Japan Geoscience Union Meeting 2019

Presentation information

[J] Oral

M (Multidisciplinary and Interdisciplinary) » M-IS Intersection

[M-IS09] dust

Thu. May 30, 2019 3:30 PM - 5:00 PM 102 (1F)

convener:Ishizuka Masahide(Kagawa University), Yasunori Kurosaki(Arid Land Research Center, Tottori University), Thomas Sekiyama(Meteorological Research Institute), Kana Nagashima(Japan Agency for Marine-Earth Science and Technology, Research and Development Center for Global Change), Chairperson:Kana Nagashima

4:30 PM - 4:45 PM

[MIS09-10] Monitoring and assessing aeolian desertification processes based on a dust erodibility index – A case study in the Xilingol grassland, China

*Jing Wu1, Yasunori Kurosaki1, Chunling Du2, Tao Wang3 (1. Arid Land Research Center, Tottori University, 2.School of Economics and Management, Inner Mongolia Agricultural University, 3.Northwest Institute of Eco-Environment and Resources, Chinese Academy of Sciences)

Keywords:desertification, erodibility, climate change, human activity, livestock

Aeolian desertification is land degradation characterized by wind erosion, which is dependent on erosivity and erodibility. Progressive aeolian desertification causes dust to occur frequently, which has negative impacts on the environment and human health. To effectively prevent the expansion of aeolian desertification, it is crucial to monitor the processes of aeolian desertification and understand its mechanism(s). However, due to its complexity, it is difficult to apply a common indicator for monitoring desertification status.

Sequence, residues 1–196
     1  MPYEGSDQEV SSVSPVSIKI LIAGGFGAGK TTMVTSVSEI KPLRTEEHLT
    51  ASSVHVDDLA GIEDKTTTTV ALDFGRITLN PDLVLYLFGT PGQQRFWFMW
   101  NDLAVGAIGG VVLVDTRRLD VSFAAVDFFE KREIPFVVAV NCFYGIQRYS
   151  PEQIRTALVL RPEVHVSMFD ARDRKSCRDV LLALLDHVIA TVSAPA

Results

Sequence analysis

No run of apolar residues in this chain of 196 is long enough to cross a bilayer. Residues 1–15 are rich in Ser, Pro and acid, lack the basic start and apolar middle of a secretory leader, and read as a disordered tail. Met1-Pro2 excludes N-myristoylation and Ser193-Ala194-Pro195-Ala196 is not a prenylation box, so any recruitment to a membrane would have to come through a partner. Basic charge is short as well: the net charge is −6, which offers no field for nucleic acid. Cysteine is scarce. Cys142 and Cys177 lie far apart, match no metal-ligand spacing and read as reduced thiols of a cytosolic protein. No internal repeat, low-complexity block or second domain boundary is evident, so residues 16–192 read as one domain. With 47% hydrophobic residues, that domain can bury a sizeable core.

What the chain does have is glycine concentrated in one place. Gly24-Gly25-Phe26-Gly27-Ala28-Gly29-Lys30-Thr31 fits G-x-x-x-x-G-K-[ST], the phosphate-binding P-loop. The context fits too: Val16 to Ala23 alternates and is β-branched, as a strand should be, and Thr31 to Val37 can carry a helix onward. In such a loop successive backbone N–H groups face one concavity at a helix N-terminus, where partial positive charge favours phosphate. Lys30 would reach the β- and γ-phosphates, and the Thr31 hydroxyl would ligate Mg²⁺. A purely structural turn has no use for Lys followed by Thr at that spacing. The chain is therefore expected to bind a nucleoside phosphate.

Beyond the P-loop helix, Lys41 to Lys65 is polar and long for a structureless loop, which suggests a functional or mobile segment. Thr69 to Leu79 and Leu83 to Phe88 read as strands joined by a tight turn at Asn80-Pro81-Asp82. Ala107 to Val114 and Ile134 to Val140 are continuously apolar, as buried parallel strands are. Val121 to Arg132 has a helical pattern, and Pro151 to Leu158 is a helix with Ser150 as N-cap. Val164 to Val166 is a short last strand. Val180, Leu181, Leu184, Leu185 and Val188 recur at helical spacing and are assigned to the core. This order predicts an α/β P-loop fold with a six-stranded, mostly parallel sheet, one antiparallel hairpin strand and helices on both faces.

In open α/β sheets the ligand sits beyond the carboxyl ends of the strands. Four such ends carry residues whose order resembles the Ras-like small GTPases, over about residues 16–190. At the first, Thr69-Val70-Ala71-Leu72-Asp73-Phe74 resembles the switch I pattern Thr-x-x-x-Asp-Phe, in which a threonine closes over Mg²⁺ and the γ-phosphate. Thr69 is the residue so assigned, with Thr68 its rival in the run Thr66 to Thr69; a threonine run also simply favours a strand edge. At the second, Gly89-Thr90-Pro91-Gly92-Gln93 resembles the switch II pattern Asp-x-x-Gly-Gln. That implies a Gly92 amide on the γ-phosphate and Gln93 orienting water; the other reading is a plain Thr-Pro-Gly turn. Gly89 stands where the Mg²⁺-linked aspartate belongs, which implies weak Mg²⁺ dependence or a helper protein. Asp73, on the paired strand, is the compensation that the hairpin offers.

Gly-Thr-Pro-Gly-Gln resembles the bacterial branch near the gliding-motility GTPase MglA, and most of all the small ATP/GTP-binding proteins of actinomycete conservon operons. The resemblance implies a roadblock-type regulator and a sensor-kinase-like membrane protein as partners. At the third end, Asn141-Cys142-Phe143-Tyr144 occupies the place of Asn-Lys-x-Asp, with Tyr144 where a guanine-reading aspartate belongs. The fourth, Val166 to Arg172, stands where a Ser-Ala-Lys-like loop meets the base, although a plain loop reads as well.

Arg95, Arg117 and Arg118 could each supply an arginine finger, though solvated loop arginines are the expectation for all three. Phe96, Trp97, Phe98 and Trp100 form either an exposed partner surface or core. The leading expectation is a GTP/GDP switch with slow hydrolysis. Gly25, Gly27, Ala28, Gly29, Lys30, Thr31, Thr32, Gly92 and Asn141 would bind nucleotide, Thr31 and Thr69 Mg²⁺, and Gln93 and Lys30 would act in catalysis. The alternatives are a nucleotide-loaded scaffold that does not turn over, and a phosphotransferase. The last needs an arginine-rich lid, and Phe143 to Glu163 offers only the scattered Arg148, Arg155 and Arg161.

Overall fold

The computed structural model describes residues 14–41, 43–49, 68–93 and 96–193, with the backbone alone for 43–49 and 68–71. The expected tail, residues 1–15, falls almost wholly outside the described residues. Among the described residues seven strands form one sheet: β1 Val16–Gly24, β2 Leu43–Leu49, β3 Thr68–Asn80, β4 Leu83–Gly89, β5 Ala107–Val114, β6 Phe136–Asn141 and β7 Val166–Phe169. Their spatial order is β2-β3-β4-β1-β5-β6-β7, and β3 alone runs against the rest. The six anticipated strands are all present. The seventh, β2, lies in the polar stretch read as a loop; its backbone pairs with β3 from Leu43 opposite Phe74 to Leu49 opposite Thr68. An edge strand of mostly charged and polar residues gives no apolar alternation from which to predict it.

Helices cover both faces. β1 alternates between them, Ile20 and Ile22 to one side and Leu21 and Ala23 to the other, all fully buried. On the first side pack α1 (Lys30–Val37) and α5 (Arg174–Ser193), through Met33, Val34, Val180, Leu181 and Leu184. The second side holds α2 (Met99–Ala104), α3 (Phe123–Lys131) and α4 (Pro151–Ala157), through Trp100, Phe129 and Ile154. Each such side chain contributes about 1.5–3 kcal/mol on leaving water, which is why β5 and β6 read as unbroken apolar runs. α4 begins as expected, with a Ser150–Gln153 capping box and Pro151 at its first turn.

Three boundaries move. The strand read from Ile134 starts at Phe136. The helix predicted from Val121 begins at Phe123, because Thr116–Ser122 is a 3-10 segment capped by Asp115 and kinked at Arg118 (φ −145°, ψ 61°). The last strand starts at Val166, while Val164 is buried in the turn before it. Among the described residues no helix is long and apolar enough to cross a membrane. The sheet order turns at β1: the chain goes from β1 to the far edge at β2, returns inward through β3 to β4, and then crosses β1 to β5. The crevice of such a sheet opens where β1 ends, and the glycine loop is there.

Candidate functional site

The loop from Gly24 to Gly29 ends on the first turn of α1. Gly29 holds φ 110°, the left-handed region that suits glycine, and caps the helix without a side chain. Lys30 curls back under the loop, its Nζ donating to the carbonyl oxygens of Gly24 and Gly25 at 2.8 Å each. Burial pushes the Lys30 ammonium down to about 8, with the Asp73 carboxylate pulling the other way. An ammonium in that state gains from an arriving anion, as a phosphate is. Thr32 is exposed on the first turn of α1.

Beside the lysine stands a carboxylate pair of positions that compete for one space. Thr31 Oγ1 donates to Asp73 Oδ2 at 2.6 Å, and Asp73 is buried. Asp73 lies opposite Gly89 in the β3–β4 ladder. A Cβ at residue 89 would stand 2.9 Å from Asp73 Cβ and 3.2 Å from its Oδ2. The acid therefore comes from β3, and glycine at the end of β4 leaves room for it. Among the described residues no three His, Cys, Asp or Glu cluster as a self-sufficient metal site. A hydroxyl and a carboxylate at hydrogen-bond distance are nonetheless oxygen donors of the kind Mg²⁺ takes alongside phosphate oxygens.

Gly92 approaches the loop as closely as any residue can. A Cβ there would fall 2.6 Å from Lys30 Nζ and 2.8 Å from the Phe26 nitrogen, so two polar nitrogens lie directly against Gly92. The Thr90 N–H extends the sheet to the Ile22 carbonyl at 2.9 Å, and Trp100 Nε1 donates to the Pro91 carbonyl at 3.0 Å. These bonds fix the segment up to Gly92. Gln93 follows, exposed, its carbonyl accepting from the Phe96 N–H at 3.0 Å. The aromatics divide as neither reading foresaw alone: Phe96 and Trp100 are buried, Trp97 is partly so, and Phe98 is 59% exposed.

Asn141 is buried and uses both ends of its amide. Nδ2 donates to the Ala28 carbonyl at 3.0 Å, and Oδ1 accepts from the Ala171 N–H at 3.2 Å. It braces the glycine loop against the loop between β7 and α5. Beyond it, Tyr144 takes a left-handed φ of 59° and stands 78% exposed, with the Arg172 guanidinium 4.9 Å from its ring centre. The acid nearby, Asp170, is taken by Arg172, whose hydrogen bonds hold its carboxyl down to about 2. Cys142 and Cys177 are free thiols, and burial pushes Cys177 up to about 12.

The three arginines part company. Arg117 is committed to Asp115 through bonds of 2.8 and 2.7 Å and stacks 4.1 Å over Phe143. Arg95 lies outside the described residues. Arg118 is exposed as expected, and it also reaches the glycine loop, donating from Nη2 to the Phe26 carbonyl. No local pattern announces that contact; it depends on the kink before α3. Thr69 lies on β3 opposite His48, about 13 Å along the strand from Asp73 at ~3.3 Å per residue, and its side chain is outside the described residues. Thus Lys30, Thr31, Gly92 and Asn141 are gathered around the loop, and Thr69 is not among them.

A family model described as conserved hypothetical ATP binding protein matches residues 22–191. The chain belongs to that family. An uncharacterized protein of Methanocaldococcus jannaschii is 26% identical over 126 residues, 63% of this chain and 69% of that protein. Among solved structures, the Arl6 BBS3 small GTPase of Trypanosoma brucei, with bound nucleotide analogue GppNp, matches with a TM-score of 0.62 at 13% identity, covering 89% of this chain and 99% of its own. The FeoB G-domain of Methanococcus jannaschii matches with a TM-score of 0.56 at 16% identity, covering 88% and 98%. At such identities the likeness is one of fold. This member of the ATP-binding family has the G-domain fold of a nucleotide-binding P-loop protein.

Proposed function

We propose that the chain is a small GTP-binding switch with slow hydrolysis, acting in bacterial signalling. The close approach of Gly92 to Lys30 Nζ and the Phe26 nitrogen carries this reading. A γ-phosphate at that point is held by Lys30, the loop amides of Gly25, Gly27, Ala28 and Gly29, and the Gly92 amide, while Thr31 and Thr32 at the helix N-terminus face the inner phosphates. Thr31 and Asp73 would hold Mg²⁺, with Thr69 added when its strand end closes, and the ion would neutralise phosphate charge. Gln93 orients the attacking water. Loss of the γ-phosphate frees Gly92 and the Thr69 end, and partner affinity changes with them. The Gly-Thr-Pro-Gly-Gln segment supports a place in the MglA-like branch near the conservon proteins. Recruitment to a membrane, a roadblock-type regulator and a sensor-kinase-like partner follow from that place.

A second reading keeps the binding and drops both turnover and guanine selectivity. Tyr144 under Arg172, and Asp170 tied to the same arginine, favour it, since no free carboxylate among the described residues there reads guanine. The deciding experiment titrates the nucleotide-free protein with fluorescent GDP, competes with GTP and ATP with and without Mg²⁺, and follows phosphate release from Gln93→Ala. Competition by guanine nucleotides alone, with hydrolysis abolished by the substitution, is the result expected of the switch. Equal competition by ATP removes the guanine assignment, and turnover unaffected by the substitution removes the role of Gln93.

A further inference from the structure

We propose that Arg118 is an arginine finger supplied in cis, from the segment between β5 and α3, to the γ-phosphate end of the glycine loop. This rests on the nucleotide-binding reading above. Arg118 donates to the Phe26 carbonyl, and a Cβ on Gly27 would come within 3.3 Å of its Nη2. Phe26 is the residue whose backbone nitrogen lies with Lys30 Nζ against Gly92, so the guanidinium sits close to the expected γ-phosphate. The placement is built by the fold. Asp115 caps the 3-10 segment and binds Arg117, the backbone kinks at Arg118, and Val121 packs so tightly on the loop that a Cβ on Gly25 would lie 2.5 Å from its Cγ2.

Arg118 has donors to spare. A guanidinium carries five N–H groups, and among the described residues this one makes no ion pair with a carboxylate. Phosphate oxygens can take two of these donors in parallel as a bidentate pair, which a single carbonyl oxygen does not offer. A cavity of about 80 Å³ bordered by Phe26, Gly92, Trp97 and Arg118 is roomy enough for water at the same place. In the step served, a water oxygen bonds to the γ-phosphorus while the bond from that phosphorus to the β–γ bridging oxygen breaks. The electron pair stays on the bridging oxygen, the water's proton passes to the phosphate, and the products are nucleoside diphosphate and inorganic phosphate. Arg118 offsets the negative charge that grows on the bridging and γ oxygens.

In this study, we assessed aeolian desertification by using a dust erodibility index as an indicator that reflects the vulnerability of the land surface to wind erosion. We used dust occurrence ratio (DOR), which was calculated as the ratio of the frequency of dust occurrence to the frequency of strong winds, to represent the status of aeolian desertification. We evaluted aeolian desertification procesess at one site (Abaga-Qi) in the Xilingol grassland during the period 1974–2013. DOR values during 2001–2013 were notably higher than those in 1974–2000, indicating that land surface conditions became vulnerable to wind erosion in recent years. However, the DOR values trended lower from 2001 to 2013, corresponding to periods in which restoration projects were implemented aimed at combating desertification in China. To understand the mechanism(s) underlying aeolian desertification after the implementation of restoration projects, we conducted multiple regression analysis of climatic variables (precipitation and temperature) and an anthropogenic variable (livestock number) on recent variations (2001–2013) in aeolian desertification. Stepwise multiple regression results indicate that the recent decline in DOR values was associated with abundant precipitation and low temperature during summer of the previous year and a small livestock population at the end of the previous year. Livestock reduction made the greatest contribution. Our results suggest that aeolian desertification can be effectively reversed by reducing the number of livestock in the Xilingol grassland.